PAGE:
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  • Glenn Sonnenberg

Musings from the Bunker 4/17/21

Happy weekend!

It’s a wrap!

This is the 400th Musing from the Bunker—and the last. Tomorrow is the beginning of the next chapter.

It seems that, with nearly 40% of Americans now vaccinated, projected to be over 50% next month, restaurants opening and caseloads steady or declining, we no longer are confined to (or even significantly restricted to) our bunkers. While this is all generally positive news, we still must be vigilant, protecting the health of each other and doing what we can to reduce the spread of this virus and its variants. In any event, I can no longer say these are musings “from the bunker.”

Tomorrow begins the next chapter of this project, “Musings of the Moment.” I had considered calling it “Emerging from the Bunker,” but felt it might be premature (I hope not). Then I thought of “The Reasonable Man,” as it is an aspirational description of what I would hope to be. As I’ve said before, I don’t think the troubles of our world are nearly as complicated as the sophists of our political and punditry classes would like us to believe. Out of the chaos are reasonable solutions that we can explore together. There is no “enemy” on the moderate left (or even the progressive left) and no evil on the moderate right. There are only Americans—struggling to find their way. We should be exploring some solutions together.

In coming weeks, I’m experimenting with downsizing the vast amount of material I’m throwing out there. To that end, I’m going with “quickies” (or nothing at all) on Tuesdays and Thursdays. Curiously, the number of views of the Musings are at their highest on Mondays, Wednesdays, Fridays and weekends. So I’ll adjust accordingly.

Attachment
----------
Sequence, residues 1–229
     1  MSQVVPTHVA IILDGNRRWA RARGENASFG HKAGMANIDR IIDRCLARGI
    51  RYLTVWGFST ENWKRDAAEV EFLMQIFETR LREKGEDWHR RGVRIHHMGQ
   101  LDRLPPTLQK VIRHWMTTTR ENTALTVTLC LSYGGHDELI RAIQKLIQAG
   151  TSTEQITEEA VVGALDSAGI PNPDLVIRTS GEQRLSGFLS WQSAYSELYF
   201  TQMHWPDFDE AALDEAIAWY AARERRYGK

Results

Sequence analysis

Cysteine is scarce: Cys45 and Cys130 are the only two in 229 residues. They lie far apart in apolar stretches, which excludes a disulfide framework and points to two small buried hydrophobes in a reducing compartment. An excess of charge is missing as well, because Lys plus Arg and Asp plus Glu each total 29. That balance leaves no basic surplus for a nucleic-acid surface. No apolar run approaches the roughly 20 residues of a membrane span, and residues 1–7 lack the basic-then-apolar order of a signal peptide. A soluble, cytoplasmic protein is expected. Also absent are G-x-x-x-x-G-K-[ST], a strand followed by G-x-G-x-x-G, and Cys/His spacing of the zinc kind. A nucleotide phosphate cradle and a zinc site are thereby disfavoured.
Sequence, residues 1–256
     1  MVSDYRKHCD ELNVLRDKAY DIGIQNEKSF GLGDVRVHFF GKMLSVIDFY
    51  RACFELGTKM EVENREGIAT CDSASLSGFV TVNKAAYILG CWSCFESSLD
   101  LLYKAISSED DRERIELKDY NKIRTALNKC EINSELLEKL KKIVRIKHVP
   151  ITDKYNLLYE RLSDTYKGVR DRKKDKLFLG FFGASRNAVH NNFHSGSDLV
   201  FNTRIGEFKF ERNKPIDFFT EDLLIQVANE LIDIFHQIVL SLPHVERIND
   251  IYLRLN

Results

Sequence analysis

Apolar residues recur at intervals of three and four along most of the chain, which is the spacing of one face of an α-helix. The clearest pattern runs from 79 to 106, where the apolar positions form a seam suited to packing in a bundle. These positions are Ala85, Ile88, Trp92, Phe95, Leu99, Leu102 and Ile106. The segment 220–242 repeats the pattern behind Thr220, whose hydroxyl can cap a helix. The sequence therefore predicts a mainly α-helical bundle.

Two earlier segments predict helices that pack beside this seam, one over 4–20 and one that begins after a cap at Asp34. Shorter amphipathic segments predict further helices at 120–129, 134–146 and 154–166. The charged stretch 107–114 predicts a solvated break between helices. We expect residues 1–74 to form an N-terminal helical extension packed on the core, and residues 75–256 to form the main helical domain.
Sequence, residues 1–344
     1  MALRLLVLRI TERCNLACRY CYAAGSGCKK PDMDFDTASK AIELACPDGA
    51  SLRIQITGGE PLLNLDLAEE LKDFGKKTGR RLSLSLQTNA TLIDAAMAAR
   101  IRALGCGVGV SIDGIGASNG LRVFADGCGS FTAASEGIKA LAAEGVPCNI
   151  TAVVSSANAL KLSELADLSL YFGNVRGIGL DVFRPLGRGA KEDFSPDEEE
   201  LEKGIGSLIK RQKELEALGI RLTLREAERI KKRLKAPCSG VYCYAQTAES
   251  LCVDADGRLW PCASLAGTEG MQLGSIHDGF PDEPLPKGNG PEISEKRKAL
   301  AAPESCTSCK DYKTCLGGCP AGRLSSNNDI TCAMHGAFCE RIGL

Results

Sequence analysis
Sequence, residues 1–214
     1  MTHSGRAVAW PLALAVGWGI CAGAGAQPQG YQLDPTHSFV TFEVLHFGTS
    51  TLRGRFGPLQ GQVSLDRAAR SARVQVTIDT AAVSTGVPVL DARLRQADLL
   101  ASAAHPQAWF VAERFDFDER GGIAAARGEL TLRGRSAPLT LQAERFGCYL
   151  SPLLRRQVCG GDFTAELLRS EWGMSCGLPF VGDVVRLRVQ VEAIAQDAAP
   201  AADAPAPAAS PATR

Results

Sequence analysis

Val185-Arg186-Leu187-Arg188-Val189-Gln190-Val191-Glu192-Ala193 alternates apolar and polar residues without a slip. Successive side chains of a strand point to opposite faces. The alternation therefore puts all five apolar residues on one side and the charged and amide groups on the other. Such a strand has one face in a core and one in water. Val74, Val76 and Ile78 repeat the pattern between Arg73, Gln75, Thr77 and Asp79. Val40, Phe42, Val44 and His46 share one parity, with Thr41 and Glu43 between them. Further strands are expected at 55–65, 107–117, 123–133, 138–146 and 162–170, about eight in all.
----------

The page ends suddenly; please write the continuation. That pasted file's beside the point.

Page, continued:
This week’s poetry is lifted from the American Scholar’s “Commonplace Book”:

“Scientists and crew lined the balconies of each ship, gripping the ice-crusted bannisters as they peered across the void. They could see the smiling faces of their colleagues just feet away—but they were tow time zones apart. At the North Pole, 24 time zones collide at a single point, rendering them meaningless. It’s simultaneously all of Earth’s time zones and none of them. There are no boundaries of any kind in this abyss, in part because there is no land and no people. The sun rises and sets just once per year, so “time of day” is irrelevant as well.” –Katie Weeman, “Time Has No Meaning at the North Pole,” Scientific American, March 13, 2020

“Slept sinfully.” –Leo Tolstoy, 1888

“I felt the winter breaking up in me, and if I had been at home, I should have tried to write poetry.” –Henry David Thoreau, Journal, 1854


I’ve been thinking about how the pandemic has had the effect of unmooring us from our “regular” lives and behaviors. That got me thinking about how, even predating the pandemic, we have separated from our neighbors. Could one outcome of the pandemic be trying for belonging? Is it possible we will experience greater interest in communal organizations like the Rotary Club, desire to join private clubs for companionship and recreation, softball leagues for camaraderie? My guess is we will be a little more “joining” in our society’s future, as people struggle for community.

In thinking about the idea of being unmoored from connection, here is the song, “Got No Roots,” sung by Alice Merton, a woman who never lived anywhere long enough to establish roots. Her lyrics contemplate the lack of roots and the things she accumulates in life that are worth holding onto:

Here’s part of the lyric:

I like digging holes

Hiding things inside them

When I grow old

I won't forget to find them

I like digging holes

Hiding things inside them

When I grow old

I won't forget to find them


Because this one makes me smile, Ringo Starr, Robbie Robertson and a worldwide group of performers:

Have a great weekend,


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